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Interstate Compounding Plan Jars Hospitals
Proposed Food and Drug Administration (FDA) restrictions on pharmacy compounding would have a particularly negative effect on health systems in which hospital central pharmacies distribute compounded medications to outlying affiliated community pharmacies—especially pharmacies across a state border. The latest FDA regulatory effort stemming from the 2013 Drug Quality and Security Act (DQSA) concerns the FDA’s concept of a memorandum of understanding (MOU) that a state would have to sign with the FDA if the state wanted to allow its retail and hospital pharmacies to “distribute” an “inordinate” amount of compounded drugs over state lines.1
The FDA wants to define “inordinate” as up to 30% in the instance where a state signs an MOU with the FDA. The terms of that MOU as envisioned by a draft the FDA has released have created significant controversy. If the state did not sign an MOU, pharmacies could only distribute 5% beyond the state’s borders. The MOU with the FDA would commit the state to address “the distribution of inordinate amounts of compounded drug products interstate and provide for appropriate investigation by a state agency of complaints relating to compounded drug products distributed outside such state.”
The draft MOU the FDA published in February has come under fire from numerous sources, including hospitals. The American Hospital Association (AHA) “believes that a pharmacy within a health care system should not be considered to have ‘distributed’ compounded drugs interstate if the pharmacy is merely moving drugs between facilities that are part of the same health care system, even if the movement occurs between facilities located across state lines,” says Linda E. Fishman, AHA Senior Vice President for Public Policy Analysis and Development. Even a 30% cap could seriously inhibit the transfer of drugs within some hospital systems in areas located amid multiple state boundaries. Fishman says the movement of compounded drugs among the facilities of such a health care system is analogous to moving them from the pharmacy on one floor to a patient care area on another floor in the same building or to a clinic on the same campus.
Meeting one of the two options in the proposed MOU—less than 5% versus less than 30%—qualifies that hospital pharmacy for an exemption from three requirements that would otherwise affect pharmacies regulated by a state: current good manufacturing practice (CGMP) requirements, labeling of drugs with adequate directions for use, and getting approval for preparing compounded drugs as if they are new drugs. The same two caps would also apply to freestanding retail pharmacies, even if the pharmacy is shipping a compounded medicine across state lines to a physician who has presented a patient-specific prescription and plans to administer the drug in his or her office.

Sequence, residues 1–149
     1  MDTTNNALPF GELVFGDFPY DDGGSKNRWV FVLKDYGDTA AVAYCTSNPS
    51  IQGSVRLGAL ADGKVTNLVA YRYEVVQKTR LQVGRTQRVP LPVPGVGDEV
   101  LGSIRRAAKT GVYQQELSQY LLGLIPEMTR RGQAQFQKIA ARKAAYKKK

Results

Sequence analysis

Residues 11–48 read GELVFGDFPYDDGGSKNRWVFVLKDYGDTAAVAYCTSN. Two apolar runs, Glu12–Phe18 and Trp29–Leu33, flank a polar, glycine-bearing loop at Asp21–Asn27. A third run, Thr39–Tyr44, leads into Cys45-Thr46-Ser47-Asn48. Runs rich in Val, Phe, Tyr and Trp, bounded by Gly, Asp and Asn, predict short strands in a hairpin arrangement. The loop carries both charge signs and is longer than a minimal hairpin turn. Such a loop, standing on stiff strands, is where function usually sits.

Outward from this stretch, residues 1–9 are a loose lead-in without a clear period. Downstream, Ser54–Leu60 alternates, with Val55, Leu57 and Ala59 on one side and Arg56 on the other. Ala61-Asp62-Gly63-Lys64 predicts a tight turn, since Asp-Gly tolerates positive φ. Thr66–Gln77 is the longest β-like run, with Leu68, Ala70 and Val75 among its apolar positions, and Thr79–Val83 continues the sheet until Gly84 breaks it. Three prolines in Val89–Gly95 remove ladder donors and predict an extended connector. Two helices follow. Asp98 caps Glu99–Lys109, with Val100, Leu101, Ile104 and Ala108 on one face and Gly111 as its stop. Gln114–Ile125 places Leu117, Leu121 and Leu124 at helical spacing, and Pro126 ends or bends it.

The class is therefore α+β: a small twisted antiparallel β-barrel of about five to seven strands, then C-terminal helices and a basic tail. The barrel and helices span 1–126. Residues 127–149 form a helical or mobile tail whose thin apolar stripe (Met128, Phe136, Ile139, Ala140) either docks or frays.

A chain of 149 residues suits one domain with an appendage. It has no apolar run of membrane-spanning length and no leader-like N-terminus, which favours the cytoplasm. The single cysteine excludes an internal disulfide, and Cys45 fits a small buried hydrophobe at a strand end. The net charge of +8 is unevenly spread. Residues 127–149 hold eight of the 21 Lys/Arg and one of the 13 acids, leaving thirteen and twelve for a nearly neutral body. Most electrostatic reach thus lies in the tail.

In part, the FDA has reasoned that limits on pharmacy compounding will be mitigated because the new 503B “outsourcing facilities” can amply serve both physicians and hospital pharmacies. These 503B facilities will be regulated and policed by the FDA, not the states, and must meet higher quality standards, allowing them to ship compounded drugs in unlimited quantities across state lines. Of course, a health system’s central pharmacy could register under 503B, thereby getting around any “inordinate” caps. But that is unlikely given the program’s requirements.
Part of the outcry from the pharmacy industry has to do with the FDA’s definition of “distribution,” which includes the term “dispensing”—a word that does not appear in the DQSA and that implies a broader restriction on compounding than Congress intended. “Using ‘distribute’ to mean both ‘dispense and distribute’ may serve the purposes of the MOU; however, it is insufficiently precise and moreover contradicts the definition commonly understood by the pharmacy profession,” says Christopher J. Topoleski, Director of Federal Regulatory Affairs for the American Society of Health-System Pharmacists.
Some of the MOU responsibilities that states would have to assume go way beyond those in a previous MOU the FDA published in 1999. States would have to notify the FDA within 72 hours of any complaints relating to a compounded human drug product distributed outside the state involving a potential public health risk or immediate safety concern, such as a report of a serious adverse drug experience or serious product quality issue, the state’s initial assessment of the validity of the complaint, and any actions the state has taken or plans to take to address such complaints.
Compared to the 1999 MOU, the new draft clarifies the types of complaints about compounded human drug products that should be investigated. Those include allegations of any adverse drug experience (not just serious adverse drug experiences, which were given as an example of the types of complaints to be investigated in the 1999 draft) and product quality issues that if left uncorrected could lead to potential public health risks or safety concerns.
Retail specialty pharmacies and compounding pharmacies that won’t enter 503B have their own problems with the draft MOU. As a result, it seems likely that the FDA will make some changes, and perhaps publish another draft, before finalizing the MOU. But perhaps not. The FDA, as always in these instances, is being tight-lipped about its intentions.